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Gov. Ron DeSantis temporarily halts scheduled execution of Duane Owen

Psychiatrists tapped by governor to determine competency of man convicted of Palm Beach County murders in 1984
Duane Owen, Florida Department of Corrections photograph
Posted at 10:13 PM, May 22, 2023
and last updated 2023-05-23 08:45:01-04

WEST PALM BEACH, Fla. — The upcoming execution for death row inmate Duane Owen has been put on pause pending a psychiatric evaluation after his lawyers argued that he may be insane.

Gov. Ron DeSantis issued an executive order Monday to temporarily stay the convicted murderer's execution until after three psychiatrists examine Owen's mental condition.

DeSantis signed Owen's death warrant earlier this month.

Owen, 62, was set to die by lethal injection June 15, but his attorneys claim that a neuropsychologist's recent evaluation of Owen "meets the criteria for insanity."

Owen's lawyers unsuccessfully sought a Palm Beach County circuit judge to grant a stay of execution, but the request was denied, in part, because the governor hadn't yet "made a determination of sanity."


Palm Beach County Circuit Judge Jeffrey Gillen during hearing for Duane Owen, May 18, 2023

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According to a neuropsychologist's report provided by Owen's attorneys, Owen believed that he was a woman in a man's body and "was trying to fully become the woman he really was."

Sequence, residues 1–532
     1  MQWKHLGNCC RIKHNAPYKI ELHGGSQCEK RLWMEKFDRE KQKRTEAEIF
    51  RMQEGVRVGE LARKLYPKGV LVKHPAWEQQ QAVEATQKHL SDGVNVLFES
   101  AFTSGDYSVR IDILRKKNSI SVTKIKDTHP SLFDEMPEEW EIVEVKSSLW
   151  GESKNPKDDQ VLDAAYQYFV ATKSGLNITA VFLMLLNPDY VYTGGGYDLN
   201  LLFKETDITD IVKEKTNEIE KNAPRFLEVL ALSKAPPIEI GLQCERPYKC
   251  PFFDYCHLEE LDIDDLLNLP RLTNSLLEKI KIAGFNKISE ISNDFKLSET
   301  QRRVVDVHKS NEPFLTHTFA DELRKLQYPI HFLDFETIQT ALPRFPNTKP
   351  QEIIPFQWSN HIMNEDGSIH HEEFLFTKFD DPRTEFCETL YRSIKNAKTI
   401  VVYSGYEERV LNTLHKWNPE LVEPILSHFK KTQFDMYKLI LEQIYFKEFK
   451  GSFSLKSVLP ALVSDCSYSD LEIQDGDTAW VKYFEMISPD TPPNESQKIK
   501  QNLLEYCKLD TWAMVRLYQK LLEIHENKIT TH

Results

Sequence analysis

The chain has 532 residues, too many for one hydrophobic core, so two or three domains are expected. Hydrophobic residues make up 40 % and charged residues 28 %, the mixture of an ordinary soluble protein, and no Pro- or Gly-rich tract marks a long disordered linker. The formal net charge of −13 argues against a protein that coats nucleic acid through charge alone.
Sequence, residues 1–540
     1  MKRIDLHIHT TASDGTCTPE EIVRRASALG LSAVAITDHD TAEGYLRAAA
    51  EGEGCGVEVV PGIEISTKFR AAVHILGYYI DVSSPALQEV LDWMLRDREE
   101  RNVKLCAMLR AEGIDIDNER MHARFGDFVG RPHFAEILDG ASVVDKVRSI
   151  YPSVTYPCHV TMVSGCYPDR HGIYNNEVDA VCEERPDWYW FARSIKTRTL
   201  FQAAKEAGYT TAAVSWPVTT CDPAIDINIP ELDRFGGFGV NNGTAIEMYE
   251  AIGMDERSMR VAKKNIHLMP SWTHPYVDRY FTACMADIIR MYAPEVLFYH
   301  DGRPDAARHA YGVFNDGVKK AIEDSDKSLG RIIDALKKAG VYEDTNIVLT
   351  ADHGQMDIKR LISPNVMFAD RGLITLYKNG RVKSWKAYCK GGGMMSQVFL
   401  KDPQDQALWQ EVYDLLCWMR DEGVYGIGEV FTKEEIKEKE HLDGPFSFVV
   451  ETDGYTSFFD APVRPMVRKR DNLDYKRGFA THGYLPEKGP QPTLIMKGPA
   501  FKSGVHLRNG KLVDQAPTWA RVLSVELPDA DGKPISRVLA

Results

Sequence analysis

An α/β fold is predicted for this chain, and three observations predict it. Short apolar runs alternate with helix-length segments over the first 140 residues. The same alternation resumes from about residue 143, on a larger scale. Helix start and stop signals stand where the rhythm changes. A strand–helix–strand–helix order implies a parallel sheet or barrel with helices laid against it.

Owen was convicted of murdering Karen Slattery, a 14-year-old high school freshman, and Georgianna Worden, a mother of two, in separate Palm Beach County attacks in 1984.

Owen broke into a Delray Beach home in March 1984 and attacked Slattery while she was babysitting. Slattery was repeatedly stabbed and sexually assaulted.

Two months later, Owen broke into a Boca Raton home, where he beat Worden to death with a hammer and sexually assaulted her. The 38-year-old mother's body was found by her two children the next morning.

Owen was arrested that same year and confessed to the crimes. He was later convicted of first-degree murder and sexual battery with a deadly weapon for both crimes and sentenced to death.

The governor's order claims that the "allegations" in the neuropsychologist's evaluation "are insufficient assertions of insanity," but because his "solemn duty to execute a duly imposed sentence of death requires the exercise of utmost caution," DeSantis appointed three psychiatrists to examine Owen's mental condition.

Drs. Wade Myers, Tonia Werner and Emily Lazarou comprise the "Commission to Determine the Mental Competency of Duane Eugene Owen." They'll be tasked with determining whether Owen "understands the nature and effect of the death penalty and why it is to be imposed upon him."

According to the order, the examination will take place Tuesday, after which time the commission "shall promptly" report its findings to the governor no later than Wednesday.

If DeSantis decides that Owen has the mental capacity to understand the death penalty and why it's being imposed on him, the execution will continue as scheduled. Should DeSantis decide that Owen doesn't have the mental capacity, Owen will be committed to a Florida Department of Corrections mental health treatment facility "until such time as he has been restored to sanity and the sentence of death may be executed."